Coupon usage records were set last year in the U.S., with 332 billion coupons redeemed for a total value of $3.7 billion. And according to one popular coupon website, the South is home to the most frugal consumers: Half of the top ten cities for coupon usage are in the South, with Atlanta owning bragging rights as the Most Frugal City of all.
After you lost your “job-job,” you’ve been “decruited” more than once—maybe that “job stopper” on your neck had something to do with it—and because your financial outlook is somewhere between “blark” and “Full Walton” lately, you’ve been alternating between “Wonderbreading” and the “Peanut Butter Challenge” and need to get “approval …
Somehow It’s Your Money ranks in at number 2 on this list of the top 52 Frugal Blogs.
Continuing on with the riveting consumer-life lecture series, which covers topics such as “Self Checkout: Burden or Blessing?” and “Customer Service Confrontations Through the Ages,” today’s discussion takes a look back at the history of a marketing ploy that seems to give customers something for nothing.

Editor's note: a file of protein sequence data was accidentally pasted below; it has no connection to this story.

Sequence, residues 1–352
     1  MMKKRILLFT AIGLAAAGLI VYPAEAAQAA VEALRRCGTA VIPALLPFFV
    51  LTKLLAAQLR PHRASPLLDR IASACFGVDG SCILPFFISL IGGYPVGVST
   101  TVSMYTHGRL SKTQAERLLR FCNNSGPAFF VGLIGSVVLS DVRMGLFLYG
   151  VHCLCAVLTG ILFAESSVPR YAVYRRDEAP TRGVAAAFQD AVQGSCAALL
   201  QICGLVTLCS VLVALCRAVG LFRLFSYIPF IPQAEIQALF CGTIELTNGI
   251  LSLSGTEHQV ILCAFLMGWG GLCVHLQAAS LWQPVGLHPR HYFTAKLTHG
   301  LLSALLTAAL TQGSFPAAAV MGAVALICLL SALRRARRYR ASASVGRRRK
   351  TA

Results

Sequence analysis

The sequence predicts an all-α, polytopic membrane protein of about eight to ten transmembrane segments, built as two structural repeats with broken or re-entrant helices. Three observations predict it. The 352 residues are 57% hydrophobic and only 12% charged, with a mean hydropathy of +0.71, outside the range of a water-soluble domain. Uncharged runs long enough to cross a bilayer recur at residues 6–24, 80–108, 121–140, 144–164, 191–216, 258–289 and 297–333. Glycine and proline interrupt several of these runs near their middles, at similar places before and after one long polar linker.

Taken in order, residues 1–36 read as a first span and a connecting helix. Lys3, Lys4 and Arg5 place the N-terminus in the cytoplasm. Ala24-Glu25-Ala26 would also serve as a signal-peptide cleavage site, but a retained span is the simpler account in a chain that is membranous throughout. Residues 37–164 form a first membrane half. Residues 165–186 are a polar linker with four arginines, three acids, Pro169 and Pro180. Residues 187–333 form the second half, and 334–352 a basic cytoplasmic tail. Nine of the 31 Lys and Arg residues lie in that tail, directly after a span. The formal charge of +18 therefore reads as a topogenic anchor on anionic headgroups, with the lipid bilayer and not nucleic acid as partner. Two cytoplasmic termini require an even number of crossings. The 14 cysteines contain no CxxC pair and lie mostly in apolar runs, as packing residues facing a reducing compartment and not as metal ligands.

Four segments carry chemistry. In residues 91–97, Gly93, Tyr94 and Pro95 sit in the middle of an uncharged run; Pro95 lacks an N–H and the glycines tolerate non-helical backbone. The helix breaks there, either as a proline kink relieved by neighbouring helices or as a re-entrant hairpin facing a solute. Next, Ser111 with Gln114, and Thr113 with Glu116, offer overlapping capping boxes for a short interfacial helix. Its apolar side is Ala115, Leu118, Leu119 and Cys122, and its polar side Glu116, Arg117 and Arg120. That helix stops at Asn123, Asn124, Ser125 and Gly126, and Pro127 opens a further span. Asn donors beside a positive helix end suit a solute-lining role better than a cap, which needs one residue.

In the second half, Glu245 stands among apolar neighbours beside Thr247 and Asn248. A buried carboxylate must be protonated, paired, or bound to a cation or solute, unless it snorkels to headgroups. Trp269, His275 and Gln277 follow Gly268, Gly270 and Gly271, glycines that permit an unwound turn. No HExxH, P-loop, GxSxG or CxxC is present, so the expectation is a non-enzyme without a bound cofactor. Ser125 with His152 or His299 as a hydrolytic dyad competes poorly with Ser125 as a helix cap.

It’s Dr. Seuss’s birthday, which by no little coincidence also happens to have been chosen by the National Education Association as Read Across America Day. It’s the day you’re supposed to read and read and read. So why not read something you need? Like a book that’ll save you some bread.
A roundup of 40 restaurants that will cover your tab—but only if you manage to wolf down a gluttonously mammoth meal first, often within a specific time constraint. Haven’t you always wanted to chow down on a Big Fat Ugly?
Maybe, just maybe, you got what you wanted under the Christmas tree. As for the rest of us …
Roughly 60% of people never apply for the rebate in the first place.
Not one, not two, but three round-ups of retailer deadlines for placing online orders that are guaranteed to arrive by December 24.
Here’s one sure-fire way to save during the holiday shopping blitz—but one that a lot of folks probably don’t want to hear: Don’t buy stuff for yourself.
Cheapskate? There’s an app for that. Lots and lots of them, actually. There are iPhone apps that will plot a busy day of hitting yard sales, produce coupons for instant discounts at supermarkets, shops, and restaurants, do price comparisons and summon product reviews while you’re mulling the options inside a store, and even help you trim …